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Uber, Lyft suspend shared rides to limit coronavirus spread

After drivers called for a moratorium on the carpool feature, the ride-hailing companies announce they'll temporarily disable the feature in the US and Canada.

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Passengers won't be able to pool their Uber rides or use Lyft's shared rides in the US or Canada for the time being.

Angela Lang/CNET

Uber and Lyft announced they're temporarily suspending shared rides in the US and Canada on Tuesday, in an attempt to limit the spread of coronavirus. Passengers using Uber's ride-hailing app in either country will no longer be able to use the UberPool option, as previously reported by Reuters. The same goes for Lyft's shared rides feature.

"Our goal is to help flatten the curve of community spread in the cities we serve," Andrew Macdonald, Uber Rides and Platform's senior vice president, said in a statement. "We remain in close contact with local leaders and will continue to work with them to discourage non-essential travel."

Both Uber's pool and Lyft's shared rides services are normally available in cities across the US. But for now, the shared rides options will be disabled in the app.

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"The health and safety of the Lyft community is our top priority, and we're dedicated to doing what we can to slow the spread of COVID-19," a Lyft spokeswoman said in a statement. "We will continue to monitor the situation closely and base our actions on official guidance."

The move comes after drivers called on the companies to temporarily shutter the carpooling features in their apps. The Independent Drivers Guild, a Machinists Union affiliate which represents more than 80,000 New York City ride-hail drivers, called for the moratorium on the shared rides features on Monday.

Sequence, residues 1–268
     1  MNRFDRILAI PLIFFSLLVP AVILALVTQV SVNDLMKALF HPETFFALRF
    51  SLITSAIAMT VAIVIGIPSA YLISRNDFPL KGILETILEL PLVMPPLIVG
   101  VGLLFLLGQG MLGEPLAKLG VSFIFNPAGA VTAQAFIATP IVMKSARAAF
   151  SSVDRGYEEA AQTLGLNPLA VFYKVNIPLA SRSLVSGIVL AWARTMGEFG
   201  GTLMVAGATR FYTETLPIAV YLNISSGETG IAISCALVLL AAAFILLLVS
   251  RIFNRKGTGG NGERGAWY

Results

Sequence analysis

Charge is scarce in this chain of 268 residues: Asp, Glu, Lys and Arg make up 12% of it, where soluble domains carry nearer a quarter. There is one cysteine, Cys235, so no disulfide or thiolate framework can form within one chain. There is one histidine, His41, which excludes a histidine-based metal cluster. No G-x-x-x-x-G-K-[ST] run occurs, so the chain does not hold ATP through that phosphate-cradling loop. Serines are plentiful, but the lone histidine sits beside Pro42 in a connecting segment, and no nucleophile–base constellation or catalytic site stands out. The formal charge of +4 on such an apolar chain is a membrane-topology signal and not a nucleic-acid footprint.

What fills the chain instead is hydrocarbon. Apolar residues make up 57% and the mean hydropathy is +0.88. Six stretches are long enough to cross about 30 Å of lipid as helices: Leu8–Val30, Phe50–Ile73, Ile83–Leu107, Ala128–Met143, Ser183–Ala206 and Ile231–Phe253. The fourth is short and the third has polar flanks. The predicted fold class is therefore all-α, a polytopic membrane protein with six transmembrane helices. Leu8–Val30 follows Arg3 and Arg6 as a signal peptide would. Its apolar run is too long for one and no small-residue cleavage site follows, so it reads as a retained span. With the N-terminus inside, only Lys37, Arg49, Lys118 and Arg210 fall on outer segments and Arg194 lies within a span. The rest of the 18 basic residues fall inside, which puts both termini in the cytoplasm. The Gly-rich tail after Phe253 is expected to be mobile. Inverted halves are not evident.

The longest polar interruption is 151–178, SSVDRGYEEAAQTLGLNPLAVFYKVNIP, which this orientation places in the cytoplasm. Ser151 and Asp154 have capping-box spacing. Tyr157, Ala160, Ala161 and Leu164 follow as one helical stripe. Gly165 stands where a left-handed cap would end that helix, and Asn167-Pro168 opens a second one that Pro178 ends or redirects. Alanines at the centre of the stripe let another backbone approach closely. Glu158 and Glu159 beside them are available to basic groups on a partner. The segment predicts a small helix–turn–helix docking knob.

"Packing five strangers in a pooled ride is a bad idea right now," Brendan Sexton, executive director of the Independent Drivers Guild, said Monday. "For the health and safety of drivers, riders and our communities, we are urging a moratorium on shared or 'pool' rides." 

Along with shuttering its pool service, Uber also added an in-app message reminding riders to travel only when necessary. The company's regular rides and food delivery platform Uber Eats -- which waived delivery fees to help local restaurants get through the outbreak -- remain available.

Last week, Uber said it could temporarily suspend the accounts of any riders or drivers who've contracted or been exposed to the coronavirus. It did so last month with around 240 accounts in Mexico after riders had contact with two drivers who may've been exposed to the virus.

The new strain of coronavirus, which can develop into a respiratory illness known as COVID-19, was discovered in Wuhan, China, in December. As of Tuesday, it had infected nearly 195,000 people and caused more than 7,800 deaths globally.